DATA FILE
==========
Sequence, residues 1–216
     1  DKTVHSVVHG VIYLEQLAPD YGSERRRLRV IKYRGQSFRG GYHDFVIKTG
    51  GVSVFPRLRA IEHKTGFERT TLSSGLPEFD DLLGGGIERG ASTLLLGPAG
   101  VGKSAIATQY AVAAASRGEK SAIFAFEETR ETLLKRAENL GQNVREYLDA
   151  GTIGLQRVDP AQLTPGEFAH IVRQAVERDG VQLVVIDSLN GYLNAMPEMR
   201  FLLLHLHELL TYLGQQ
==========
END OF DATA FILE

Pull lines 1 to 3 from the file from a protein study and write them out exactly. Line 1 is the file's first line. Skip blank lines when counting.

Sequence, residues 1–216
     1  DKTVHSVVHG VIYLEQLAPD YGSERRRLRV IKYRGQSFRG GYHDFVIKTG
    51  GVSVFPRLRA IEHKTGFERT TLSSGLPEFD DLLGGGIERG ASTLLLGPAG